Reed, who is the highest-paid district attorney in Louisiana, earning more than $200,000 from his public sector work, also maintains a private practice that brings in a six-figure annual income, according to his most recent disclosure forms to the state Ethics Board. Those forms describe the work as legal and consulting fees.

Officials are not required to specify their exact income from such work but simply to put it in one of four categories. Reed checked the fourth box, indicating his private legal work brings in more than $100,000.

Exactly what Reed did on behalf of the Hudsons isn’t clear. Michael Sistrunk, of McCranie Sistrunk, is listed as the plaintiffs’ attorney in the suit, which was filed in federal court on April 4, 2012. Sistrunk did not return calls asking what work Reed did in the case or how much he was paid.

Reed’s recusal has some parallels to a case that led to misconduct charges being filed in 2011 by the state Office of Disciplinary Counsel against 16th Judicial District Attorney Phil Haney.

Haney chose to represent a woman injured in a boating accident rather than prosecute the boat’s driver, meaning his office had to be recused from that case. Haney was paid $20,000 for his representation of the woman in the case, which was settled in 2007.

Charles Plattsmier, chief disciplinary counsel for the Office of Disciplinary Counsel, said at that time that it was wrong for Haney to choose private, for-profit work over his official duties as DA.

“It’s not appropriate for a district attorney, in our opinion, to forego or neglect his responsibilities as an elected official in order to pursue a civil case in his private practice,” Plattsmier said then.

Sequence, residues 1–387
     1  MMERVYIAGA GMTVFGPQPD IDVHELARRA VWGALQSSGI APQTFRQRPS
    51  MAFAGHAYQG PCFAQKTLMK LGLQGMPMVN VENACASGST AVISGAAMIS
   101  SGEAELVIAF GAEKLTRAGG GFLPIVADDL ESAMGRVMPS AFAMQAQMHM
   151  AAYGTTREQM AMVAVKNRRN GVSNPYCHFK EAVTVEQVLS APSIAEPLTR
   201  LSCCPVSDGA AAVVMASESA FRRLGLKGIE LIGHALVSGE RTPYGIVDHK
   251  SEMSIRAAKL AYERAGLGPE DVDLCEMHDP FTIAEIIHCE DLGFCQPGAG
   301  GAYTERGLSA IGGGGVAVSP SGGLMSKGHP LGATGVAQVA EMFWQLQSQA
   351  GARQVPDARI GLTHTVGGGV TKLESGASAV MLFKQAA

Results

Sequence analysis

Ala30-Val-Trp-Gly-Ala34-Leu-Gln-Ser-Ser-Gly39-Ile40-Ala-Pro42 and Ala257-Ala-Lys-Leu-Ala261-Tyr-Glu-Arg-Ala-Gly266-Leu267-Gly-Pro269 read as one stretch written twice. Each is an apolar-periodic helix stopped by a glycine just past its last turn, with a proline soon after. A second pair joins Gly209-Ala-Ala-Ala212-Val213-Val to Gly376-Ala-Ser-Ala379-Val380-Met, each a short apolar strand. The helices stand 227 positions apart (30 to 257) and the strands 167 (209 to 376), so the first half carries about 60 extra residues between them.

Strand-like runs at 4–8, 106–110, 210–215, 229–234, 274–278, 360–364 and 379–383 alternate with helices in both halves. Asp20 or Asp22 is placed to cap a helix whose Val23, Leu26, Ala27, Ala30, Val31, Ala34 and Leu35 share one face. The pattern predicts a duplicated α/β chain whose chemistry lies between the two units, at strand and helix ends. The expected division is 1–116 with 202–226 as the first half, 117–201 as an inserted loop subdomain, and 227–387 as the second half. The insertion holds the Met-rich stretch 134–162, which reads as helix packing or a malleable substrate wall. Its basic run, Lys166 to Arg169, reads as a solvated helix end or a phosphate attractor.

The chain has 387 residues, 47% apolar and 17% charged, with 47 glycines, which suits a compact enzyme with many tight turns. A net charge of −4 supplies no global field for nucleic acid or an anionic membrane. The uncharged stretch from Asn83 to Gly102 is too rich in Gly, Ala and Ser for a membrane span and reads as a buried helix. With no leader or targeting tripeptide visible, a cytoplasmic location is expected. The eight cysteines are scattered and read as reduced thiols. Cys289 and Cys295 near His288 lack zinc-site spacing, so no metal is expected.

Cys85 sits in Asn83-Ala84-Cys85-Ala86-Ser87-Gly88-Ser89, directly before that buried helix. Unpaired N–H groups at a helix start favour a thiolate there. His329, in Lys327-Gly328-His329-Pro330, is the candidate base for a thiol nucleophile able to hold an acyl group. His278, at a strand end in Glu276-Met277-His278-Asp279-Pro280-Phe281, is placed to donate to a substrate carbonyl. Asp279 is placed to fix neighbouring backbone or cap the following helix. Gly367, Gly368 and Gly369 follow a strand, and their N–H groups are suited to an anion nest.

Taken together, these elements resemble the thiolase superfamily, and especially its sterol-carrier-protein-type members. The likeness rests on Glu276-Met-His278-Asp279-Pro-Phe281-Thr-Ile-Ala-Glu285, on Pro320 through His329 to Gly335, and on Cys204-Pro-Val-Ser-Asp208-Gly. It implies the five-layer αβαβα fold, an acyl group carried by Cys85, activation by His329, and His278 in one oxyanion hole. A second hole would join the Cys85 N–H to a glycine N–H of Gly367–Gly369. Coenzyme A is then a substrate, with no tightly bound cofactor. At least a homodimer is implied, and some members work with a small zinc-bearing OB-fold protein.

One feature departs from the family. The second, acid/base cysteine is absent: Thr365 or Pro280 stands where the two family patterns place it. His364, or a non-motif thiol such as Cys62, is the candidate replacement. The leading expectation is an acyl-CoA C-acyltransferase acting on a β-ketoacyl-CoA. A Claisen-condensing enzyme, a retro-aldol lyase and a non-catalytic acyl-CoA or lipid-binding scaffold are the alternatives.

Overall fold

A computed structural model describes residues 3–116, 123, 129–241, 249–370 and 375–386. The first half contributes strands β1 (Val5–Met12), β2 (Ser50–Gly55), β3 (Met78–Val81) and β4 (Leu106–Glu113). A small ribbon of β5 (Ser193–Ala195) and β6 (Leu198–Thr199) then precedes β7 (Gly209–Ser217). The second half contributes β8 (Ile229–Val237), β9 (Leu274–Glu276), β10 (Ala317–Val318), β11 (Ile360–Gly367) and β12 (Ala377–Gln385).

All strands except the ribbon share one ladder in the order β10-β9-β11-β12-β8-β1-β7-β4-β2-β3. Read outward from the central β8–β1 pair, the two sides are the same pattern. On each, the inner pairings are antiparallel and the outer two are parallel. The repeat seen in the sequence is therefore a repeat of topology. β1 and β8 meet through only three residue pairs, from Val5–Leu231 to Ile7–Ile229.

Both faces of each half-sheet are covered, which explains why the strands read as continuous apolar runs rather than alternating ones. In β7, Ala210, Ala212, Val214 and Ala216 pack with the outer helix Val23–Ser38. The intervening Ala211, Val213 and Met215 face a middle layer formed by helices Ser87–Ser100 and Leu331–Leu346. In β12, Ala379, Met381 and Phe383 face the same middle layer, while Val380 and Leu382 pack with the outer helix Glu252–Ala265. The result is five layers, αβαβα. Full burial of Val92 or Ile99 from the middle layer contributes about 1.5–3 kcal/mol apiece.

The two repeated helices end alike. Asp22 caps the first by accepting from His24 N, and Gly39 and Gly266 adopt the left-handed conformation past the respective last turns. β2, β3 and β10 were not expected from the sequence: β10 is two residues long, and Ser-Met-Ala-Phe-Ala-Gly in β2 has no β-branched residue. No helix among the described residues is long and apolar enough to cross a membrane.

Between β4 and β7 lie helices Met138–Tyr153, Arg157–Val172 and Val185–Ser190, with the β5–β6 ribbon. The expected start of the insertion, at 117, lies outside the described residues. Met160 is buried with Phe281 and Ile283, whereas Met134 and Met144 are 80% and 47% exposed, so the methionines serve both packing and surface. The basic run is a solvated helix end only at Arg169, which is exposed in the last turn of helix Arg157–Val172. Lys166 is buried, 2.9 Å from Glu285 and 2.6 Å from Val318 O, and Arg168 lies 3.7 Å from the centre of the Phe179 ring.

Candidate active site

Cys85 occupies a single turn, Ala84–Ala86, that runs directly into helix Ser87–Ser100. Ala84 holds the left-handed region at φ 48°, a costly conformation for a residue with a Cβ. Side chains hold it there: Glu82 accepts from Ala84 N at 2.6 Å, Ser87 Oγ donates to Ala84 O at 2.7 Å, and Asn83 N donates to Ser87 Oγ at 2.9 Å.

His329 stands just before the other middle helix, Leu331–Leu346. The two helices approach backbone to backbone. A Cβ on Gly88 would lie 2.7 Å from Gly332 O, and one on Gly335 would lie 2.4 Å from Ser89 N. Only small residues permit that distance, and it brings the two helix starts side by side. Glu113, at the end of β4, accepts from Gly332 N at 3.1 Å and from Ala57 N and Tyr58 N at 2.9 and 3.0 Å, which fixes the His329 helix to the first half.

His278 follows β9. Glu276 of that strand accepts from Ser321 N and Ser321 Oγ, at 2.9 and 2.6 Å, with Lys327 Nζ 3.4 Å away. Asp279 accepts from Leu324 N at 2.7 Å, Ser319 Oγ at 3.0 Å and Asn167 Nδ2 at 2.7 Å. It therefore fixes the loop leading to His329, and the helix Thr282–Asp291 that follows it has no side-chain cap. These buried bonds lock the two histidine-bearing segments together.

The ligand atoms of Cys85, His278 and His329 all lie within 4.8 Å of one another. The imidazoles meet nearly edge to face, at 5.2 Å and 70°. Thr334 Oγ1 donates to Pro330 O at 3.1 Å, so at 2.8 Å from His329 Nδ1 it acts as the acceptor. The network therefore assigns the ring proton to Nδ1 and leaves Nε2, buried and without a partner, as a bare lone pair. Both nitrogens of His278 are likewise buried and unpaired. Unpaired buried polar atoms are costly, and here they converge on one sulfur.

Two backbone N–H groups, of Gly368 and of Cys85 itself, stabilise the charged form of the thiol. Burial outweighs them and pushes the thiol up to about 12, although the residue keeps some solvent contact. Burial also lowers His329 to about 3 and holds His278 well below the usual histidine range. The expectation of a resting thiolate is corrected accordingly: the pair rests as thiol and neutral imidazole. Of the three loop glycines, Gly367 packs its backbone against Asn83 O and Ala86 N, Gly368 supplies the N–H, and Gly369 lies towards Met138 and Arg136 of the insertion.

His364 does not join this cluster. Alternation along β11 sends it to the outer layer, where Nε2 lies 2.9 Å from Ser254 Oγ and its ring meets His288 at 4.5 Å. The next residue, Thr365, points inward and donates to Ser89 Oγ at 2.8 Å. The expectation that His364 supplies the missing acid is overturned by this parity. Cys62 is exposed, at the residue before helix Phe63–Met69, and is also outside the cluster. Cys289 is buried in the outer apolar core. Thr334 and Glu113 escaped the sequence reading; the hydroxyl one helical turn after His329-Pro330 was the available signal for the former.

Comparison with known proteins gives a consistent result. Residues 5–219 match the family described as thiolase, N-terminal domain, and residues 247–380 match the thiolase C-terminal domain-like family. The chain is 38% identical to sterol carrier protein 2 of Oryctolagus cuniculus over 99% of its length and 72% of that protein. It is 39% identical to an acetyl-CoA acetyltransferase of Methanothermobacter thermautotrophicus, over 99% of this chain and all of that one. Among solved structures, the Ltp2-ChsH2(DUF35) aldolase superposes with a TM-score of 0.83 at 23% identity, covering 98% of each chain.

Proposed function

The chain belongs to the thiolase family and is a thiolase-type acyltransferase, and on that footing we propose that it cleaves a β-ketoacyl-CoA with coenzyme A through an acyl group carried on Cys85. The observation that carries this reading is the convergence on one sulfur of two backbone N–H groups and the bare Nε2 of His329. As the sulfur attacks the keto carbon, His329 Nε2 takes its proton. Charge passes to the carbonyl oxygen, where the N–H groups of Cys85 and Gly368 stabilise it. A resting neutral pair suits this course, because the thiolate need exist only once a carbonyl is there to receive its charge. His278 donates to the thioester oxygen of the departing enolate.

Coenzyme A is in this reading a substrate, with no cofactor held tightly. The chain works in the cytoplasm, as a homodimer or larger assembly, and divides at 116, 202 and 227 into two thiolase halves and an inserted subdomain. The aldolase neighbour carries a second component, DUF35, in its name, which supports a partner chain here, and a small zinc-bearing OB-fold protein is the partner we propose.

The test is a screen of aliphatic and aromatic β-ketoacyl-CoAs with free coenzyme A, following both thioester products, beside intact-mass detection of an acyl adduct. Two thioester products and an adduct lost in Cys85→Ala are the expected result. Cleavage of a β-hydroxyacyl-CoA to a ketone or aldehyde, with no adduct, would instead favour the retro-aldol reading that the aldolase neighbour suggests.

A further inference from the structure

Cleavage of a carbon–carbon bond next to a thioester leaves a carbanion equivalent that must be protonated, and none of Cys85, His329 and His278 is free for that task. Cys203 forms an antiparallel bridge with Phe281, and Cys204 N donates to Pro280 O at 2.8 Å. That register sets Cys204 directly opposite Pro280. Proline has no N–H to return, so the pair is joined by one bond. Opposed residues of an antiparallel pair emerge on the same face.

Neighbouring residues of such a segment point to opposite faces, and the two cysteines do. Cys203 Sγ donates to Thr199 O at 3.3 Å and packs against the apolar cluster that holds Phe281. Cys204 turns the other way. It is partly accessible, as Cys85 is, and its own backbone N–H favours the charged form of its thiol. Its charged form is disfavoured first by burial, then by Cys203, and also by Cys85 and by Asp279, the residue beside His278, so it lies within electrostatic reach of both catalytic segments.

At the time, Plattsmier said he believed Haney was the first sitting district attorney to be the subject of formal charges from his office.

Plattsmier said he could not comment on Reed’s decision to get involved in the Hudson family’s civil suit, which happened around the time Plattsmier was filing charges against Haney.

In that case, Haney claimed he did not know the boat’s driver had been cited in the accident at the time he agreed to represent the injured woman; once he found out, his only option was to recuse himself, he said. The Office of Disciplinary Counsel disagreed, saying Haney should have recused himself from both cases at that point.

The Louisiana Supreme Court eventually cleared Haney in the matter, in part because records showed the boat’s driver was not cited until months after the accident.

That’s an important distinction between the two cases, said Rafael Goyeneche, president of the crime commission.

“Walter Reed knew from the minute his phone rang and he found out there was a fatality in St. Tammany Parish that he would be responsible for prosecuting this case,” Goyeneche said.